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Huawei reacts to Chinese military link 'misperceptions'

Huawei's routers and other products contain no threats to US national security, the firm's US chairman Ken Hu has stressed in an exhaustive open letter responding to various allegations
Written by David Meyer, Contributor

Huawei has hit back at various allegations against the company, including those over supposed links with the Chinese military, financial support from the Chinese government and threats to US national security.

In a lengthy open letter released on Thursday, Huawei USA chairman Ken Hu said these "falsehoods have had a significant and negative impact on our business activity and, as such, they must be addressed as part of our effort to correct the record". He invited the US authorities to investigate Huawei and its security.

Huawei China allegations

Huawei responded to "misperceptions" of the company, according to US chairman Ken Hu. Photo credit: David Meyer

In the UK, Huawei has addressed similar security concerns by setting up a GCHQ-monitored testing testing centre in Banbury, to prove that Huawei's products, such as routers, are suitable for use in the critical national infrastructure. As well as being a major supplier to BT, Huawei is also reportedly in the running to provide the infrastructure needed for mobile communications on the London Underground.

Hu's letter was prompted by the US administration's opposition to Huawei's takeover of an insolvent Californian server company called 3Leaf — after the Committee of Foreign Investment said on 11 February that the $2m (£1.2m) deal should not go ahead, the Chinese telecoms equipment manufacturer dropped the purchase plan.

"Unfortunately, over the past 10 years, as we have been investing in the United States, we have encountered a number of misperceptions that some hold about Huawei," Hu said. "If the United States government has any real concerns of this nature about Huawei, we would like to clearly understand those concerns, and whether they relate to the past or future development of our company.

"We believe we can work closely with the United States government to address any concerns and we will certainly comply with any additional security requirements. We also remain open to any investigation deemed necessary by American authorities, and we will continue to cooperate transparently with all government agencies."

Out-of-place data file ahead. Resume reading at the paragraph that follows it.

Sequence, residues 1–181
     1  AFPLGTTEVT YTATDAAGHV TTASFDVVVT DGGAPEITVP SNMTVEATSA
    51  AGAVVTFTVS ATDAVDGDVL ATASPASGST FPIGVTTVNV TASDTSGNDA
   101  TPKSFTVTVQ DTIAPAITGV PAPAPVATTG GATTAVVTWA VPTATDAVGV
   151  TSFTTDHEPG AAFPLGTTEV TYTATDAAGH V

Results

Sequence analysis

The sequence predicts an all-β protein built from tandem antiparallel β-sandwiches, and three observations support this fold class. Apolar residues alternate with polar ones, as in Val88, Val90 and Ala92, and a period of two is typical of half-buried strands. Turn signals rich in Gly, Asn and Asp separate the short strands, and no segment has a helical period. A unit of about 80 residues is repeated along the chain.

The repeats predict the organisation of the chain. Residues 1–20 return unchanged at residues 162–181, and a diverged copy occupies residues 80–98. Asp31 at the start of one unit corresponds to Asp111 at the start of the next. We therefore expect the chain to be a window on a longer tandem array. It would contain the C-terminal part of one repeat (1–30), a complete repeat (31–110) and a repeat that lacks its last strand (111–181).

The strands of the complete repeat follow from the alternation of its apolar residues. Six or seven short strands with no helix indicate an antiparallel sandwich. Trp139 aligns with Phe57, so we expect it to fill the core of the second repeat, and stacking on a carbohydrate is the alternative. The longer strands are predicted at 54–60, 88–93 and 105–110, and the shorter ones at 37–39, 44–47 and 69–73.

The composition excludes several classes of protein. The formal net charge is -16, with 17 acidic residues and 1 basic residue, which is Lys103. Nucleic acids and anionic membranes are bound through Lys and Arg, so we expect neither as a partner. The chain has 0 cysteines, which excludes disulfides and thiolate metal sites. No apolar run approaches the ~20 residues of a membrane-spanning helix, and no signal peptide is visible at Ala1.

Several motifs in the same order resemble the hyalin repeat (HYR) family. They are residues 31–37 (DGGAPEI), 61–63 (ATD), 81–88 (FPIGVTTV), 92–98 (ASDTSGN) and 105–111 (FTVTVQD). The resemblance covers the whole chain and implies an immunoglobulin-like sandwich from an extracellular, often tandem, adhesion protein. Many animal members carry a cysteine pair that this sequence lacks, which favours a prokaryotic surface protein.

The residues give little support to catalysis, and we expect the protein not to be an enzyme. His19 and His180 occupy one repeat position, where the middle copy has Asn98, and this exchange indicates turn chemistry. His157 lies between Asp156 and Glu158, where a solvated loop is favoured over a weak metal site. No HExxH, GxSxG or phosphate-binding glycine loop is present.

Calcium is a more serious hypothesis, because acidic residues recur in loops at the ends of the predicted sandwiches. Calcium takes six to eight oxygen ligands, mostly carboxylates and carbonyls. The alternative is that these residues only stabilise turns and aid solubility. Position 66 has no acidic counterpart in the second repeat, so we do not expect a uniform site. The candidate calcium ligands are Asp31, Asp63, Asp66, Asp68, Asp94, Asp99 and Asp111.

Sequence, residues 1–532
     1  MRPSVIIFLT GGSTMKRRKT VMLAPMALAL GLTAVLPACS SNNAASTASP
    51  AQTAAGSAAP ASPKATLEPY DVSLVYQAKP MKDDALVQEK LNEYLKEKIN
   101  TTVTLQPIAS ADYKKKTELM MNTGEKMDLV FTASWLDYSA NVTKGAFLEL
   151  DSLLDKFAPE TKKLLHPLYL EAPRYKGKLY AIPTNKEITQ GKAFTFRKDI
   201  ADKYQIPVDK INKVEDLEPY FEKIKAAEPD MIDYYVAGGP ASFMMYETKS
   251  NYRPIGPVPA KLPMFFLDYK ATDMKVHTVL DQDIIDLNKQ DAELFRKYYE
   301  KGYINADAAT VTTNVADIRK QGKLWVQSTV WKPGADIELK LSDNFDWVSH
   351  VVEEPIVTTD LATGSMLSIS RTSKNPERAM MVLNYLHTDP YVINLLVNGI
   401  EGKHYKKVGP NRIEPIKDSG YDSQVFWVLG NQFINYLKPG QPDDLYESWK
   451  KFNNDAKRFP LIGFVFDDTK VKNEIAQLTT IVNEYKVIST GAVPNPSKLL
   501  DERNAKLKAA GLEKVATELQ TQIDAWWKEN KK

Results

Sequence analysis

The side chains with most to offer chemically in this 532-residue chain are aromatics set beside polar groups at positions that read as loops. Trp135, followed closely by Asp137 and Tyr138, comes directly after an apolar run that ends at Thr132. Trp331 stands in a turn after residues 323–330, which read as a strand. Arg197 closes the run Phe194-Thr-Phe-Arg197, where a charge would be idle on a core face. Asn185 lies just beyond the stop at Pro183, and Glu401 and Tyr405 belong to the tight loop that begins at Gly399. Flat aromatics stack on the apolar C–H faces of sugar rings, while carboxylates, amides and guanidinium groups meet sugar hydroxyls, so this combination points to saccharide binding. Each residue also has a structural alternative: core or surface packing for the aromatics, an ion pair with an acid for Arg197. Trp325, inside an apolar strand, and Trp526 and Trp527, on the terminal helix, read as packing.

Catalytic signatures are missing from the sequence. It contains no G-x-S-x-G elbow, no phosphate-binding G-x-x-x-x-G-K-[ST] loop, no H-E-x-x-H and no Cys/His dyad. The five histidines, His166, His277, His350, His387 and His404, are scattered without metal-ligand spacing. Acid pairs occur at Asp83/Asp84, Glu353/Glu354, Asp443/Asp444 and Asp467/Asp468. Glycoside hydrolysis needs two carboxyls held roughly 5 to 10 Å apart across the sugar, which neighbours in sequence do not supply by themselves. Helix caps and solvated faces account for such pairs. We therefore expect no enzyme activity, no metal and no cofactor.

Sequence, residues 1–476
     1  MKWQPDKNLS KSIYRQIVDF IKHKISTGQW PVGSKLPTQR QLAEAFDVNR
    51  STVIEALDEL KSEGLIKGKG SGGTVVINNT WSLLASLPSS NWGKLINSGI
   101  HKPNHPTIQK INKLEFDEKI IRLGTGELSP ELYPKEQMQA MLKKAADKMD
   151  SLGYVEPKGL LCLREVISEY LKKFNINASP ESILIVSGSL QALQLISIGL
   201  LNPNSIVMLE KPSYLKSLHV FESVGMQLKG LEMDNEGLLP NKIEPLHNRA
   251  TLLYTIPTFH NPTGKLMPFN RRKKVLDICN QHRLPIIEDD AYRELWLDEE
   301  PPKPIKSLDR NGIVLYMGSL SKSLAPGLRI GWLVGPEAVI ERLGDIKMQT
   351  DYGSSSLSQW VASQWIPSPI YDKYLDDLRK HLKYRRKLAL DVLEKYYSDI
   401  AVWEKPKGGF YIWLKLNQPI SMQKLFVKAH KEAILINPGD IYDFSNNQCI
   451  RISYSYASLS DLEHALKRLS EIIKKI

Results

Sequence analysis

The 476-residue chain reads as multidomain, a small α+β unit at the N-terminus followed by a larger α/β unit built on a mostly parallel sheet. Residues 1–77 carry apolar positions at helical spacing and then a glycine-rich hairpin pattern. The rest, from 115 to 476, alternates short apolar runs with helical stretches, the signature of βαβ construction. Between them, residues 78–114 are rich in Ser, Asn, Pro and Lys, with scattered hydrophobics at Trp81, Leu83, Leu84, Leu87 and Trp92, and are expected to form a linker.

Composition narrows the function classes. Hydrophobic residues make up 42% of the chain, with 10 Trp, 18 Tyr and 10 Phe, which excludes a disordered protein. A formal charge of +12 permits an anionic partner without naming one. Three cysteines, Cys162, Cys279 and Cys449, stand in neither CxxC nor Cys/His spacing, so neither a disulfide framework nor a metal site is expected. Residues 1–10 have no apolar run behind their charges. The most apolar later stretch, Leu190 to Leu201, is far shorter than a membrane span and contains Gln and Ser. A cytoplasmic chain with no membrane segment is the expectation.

It is factual to say that no one has ever offered any evidence that Huawei has been involved in any military technologies.
– Ken Hu, Huawei

"Matter of fact"

For years, rumours have circulated about supposed links between Huawei and the People's Liberation Army (PLA). Hu said these allegations rested entirely on the fact that Huawei founder and chief executive Ren Zhengfei once served in the PLA Engineering Corps from 1974 to 1983, without rank.

"It is a matter of fact that Mr Ren is just one of the many CEOs around the world who have served in the military, and it is also a matter of fact that Huawei has only offered telecommunications equipment that is in line with civil standards," Hu wrote. "It is also factual to say that no one has ever offered any evidence that Huawei has been involved in any military technologies at any time."

Hu said Huawei did receive financial support from the Chinese government for research and development purposes, in the form of tax incentives. He said this was "consistent with financial support that is provided to normal businesses in China and in many other countries, including the United States".

The Huawei USA chairman stressed that there was no evidence to back up rumours of the company being able to use its technology to "steal confidential information in the United States or launch network attacks on entities in the US at a specific time". He said the company's systems were audited by third parties, and Huawei had been "actively tackling challenges of network security through partnerships with network security regulators throughout the world".

On the subject of intellectual property rights, a major sticking point in US-Chinese relations, Hu said Huawei paid $222m in licensing fees to western companies — the majority to US firms — and the company had learned that any disputes could be "settled properly through bilateral negotiations".

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